Carnaby Histories

These tidbits were originally published in the 2008 issues of The Carnaby Newspaper

  • Mod band “The Small Faces”, dubbed ‘the East End fab four’, and Impresario Don Ardon ran their offices from Carnaby Street for a period in the late 60s.  As a result, they became a huge part of the late 60s Carnaby cultural scene, as homaged in the Austin Powers films.  A green plaque tribute (representing more recent cultural footnotes of the city) was erected on the 4th September 2007 at  numbers 52-54 following an online fan-led campaign.
  • Golden Square, which lies to the south of Carnaby Street, has been featured in several pieces of literature, including Neal Stephenson’s The System of the World, and Charles Dickens’s Nicholas Nickleby. The latter gives a rather bohemian description of the area, where “Sounds of gruff voices practising vocal music invade the evening’s silence; and the fumes of choice tobacco scent the air”.  Today, it is a popular lunching spot for local office workers.
  • Image by nic0 on flickr

    • Celebrated poet, painter, and printmaker William Blake was born into a lower middle class family in the now disappeared 8 Marshall Street, which runs parallel to Carnaby Street.  His parents ran a hosiery shop in Broad Street and, homeschooled, he would go on to produce wonderfully imaginative creations that influenced the likes of Wordsworth and Yates (and, arguably, set a precursor for the cultural tone of his birthplace).  The dedicated William Blake House on Marshall Street remains a centre of cultural activity, housing several events in the poet’s name and a massive celebration in 2007 to commemorate his 250th birthday.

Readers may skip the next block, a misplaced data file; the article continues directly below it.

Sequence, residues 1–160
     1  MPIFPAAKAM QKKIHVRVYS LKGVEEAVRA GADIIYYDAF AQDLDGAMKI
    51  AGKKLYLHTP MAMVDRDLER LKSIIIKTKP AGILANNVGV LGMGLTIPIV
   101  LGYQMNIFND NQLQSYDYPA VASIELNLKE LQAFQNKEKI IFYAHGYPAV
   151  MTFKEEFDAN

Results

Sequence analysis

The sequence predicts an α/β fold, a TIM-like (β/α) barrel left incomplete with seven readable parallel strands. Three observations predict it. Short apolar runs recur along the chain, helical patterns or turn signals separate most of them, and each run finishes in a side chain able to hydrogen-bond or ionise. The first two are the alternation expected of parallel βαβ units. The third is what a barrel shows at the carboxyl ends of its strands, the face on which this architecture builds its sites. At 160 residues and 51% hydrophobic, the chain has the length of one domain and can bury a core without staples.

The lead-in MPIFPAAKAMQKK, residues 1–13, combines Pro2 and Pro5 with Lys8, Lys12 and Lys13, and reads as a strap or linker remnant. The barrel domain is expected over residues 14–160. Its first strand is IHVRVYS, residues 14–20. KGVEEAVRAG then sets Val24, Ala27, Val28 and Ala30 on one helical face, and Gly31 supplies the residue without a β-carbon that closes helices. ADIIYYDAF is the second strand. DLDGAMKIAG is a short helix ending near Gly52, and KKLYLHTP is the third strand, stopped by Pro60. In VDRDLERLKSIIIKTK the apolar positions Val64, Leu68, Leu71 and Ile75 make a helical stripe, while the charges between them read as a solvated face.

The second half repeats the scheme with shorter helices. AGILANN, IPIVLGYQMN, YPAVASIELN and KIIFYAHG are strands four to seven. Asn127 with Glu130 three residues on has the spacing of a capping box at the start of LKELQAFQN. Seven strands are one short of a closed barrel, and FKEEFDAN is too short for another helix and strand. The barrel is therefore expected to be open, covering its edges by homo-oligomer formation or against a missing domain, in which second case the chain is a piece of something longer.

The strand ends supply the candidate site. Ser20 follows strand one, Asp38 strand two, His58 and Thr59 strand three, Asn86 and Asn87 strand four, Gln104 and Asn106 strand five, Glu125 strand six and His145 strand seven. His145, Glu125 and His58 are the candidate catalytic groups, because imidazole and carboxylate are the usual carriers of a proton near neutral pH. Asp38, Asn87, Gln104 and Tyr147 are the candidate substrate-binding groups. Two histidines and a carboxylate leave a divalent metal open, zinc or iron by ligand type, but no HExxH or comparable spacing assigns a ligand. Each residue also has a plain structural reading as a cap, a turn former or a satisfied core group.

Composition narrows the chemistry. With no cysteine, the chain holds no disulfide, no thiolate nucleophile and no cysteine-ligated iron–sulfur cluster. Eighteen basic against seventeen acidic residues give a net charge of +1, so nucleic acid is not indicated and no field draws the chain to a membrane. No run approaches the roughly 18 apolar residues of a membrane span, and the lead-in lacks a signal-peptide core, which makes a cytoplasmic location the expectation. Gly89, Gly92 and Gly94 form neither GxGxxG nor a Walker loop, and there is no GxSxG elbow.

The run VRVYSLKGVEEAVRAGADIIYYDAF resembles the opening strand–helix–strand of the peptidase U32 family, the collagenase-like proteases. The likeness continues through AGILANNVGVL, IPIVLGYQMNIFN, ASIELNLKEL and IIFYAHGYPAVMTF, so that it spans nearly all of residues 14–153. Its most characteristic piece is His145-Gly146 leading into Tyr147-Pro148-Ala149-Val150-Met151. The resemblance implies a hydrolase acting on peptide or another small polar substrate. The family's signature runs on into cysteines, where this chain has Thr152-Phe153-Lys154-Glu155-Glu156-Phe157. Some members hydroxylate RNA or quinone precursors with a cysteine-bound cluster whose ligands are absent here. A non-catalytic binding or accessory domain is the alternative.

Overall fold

• Did you know…that Carnaby Street used to be spelt Karnaby Street?  It takes its name from a building erected in 1683 by bricklayer Richard Tyler, called Karnaby House.  The origins of this name is unknown.